It’s a commonly accepted practice when designing large scale enterprise applications (or even smaller applications for that matter) to layer your architecture code as well as your application code. ‘Separation of Concerns’, for example separating your business logic from your data access logic, or your presentation logic from your business logic, is a common technique for ensuring that your application code is well defined in terms of it’s responsibilities. This approach give you code that is easier to maintain and easier to debug – if you have a problem with the data access then you know to look in code in your data access layer.
In Java technology based applications it seems like we have become the masters of taking this approach to the nth degree. A typical J2EE web-based system might comprise of:
- Presentation tier:
- coded using JSP pages
- an MVC framework like Struts, to loosely couple the page navigation, control of the page navigation and interaction with adjacent layers: ActionForms as containers for submitted data, Actions for controlling the navigation between pages (using stuts-config.xml) and interface to the next adjacent layer
- Business layer facade: an additional layer to decouple the presentation tier from the business layer technology, to avoid coupling the Struts Actions directly to Session Beans
- Business component layer: implemented using Stateless and Stateful Session beans
- Business layer: the actual business logic itself. Not directly coded inside the Session beans so it can be reused elsewhere where Session Beans are not deployable
- Data Access Layer: code to interact with the database, providing data retrieval and storage facilities.
At its simplest, maintaining a separation between presentation, business and data access seems to be the minimum degree of logical layering you should require in your system.
So why in a typical J2EE application have we ended up with so many more layers? It seems like we’ve becoming obsessed with decoupling the base technologies that we’re using to build our J2EE systems, which is increasing the amount of code we have to develop, and rather than simplifying application development, and done more to complicate our architectures.
My reason for thinking about this right now is because I started to use PHP to put together some simple database driven web pages for some pages that interact with my weather monitoring station (http://www.kevinhooke.com/weather). In all the PHP books that I’ve looked at so far, I haven’t seen any mention of layering my system, or separating my presentation logic from my data access logic. Instead, the general approach for PHP seems to encourage data access from your presentation pages. From being in the frame of mind where I am encouraged to ‘separate, separate’, ‘build more layers!’, this is a refreshing change – I can develop pages in a fraction of the time than it would take me with a typical J2EE layered approach! Why? Because I don’t have to develop additional plumbing code to interact between my many layers.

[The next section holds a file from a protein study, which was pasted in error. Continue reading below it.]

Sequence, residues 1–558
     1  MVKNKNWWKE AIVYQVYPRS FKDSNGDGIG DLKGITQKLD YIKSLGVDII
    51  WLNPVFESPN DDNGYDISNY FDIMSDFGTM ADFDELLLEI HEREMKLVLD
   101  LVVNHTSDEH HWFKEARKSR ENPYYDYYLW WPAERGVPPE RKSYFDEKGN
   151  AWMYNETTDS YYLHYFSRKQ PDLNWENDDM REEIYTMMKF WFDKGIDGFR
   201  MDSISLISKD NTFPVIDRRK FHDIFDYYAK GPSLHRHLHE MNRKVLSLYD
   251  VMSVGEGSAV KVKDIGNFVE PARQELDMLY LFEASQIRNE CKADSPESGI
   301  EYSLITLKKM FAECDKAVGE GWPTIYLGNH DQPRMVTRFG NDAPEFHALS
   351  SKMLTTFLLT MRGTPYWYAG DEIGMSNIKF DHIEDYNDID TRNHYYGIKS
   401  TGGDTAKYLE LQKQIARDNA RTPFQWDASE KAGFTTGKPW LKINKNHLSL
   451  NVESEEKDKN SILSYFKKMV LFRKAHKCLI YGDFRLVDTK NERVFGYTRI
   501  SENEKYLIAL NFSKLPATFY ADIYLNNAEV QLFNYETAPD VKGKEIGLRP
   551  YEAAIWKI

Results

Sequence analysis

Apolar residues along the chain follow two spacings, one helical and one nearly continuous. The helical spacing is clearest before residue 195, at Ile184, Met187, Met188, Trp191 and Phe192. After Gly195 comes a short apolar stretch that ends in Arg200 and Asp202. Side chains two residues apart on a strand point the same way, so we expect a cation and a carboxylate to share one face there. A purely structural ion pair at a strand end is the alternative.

In the majority of cases in heavily layered applications, simple data access requires justs ‘call throughs’ from one layer to the next in order to access the database and bring back the data you need – the additional layers you must call through in order to get to the database don’t add any additional functionality (of course this is not always the case, but in simple cases this is the case).
So when should you layer? I still believe in the benefits of layering applications, but I think the benefits of developing easier to maintain, well layered code comes at the cost of development time and additional effort to write the additional code required in each layer. Small web-based applications, such as a forum application, may not benefit from this additional overhead of layering the applicaiton. However, I cannot imagine working on a large development effort with a medium to large development team (> 50 developers) and with hundreds of front end pages, without having well defined layers between logical responsibilities in the system – it just wouldn’t work.
As a development community though, we need to spend time thinking about how we can maximise the benefits gained from approaches such as architectural and application layering, while reducing the overhead of this type of approach, somehow avoiding the overhead of having to write the additonal code calling through from layer to layer. I haven’t spent much time with Ruby on Rails, for example, but from what I can see with their approach they have maintained the design patterns typical in J2EE applications, but have replaced the need for the developer to spend so much time writing plumbing code – this is handled pretty much by the framework itself. This is where I believe we need to heading.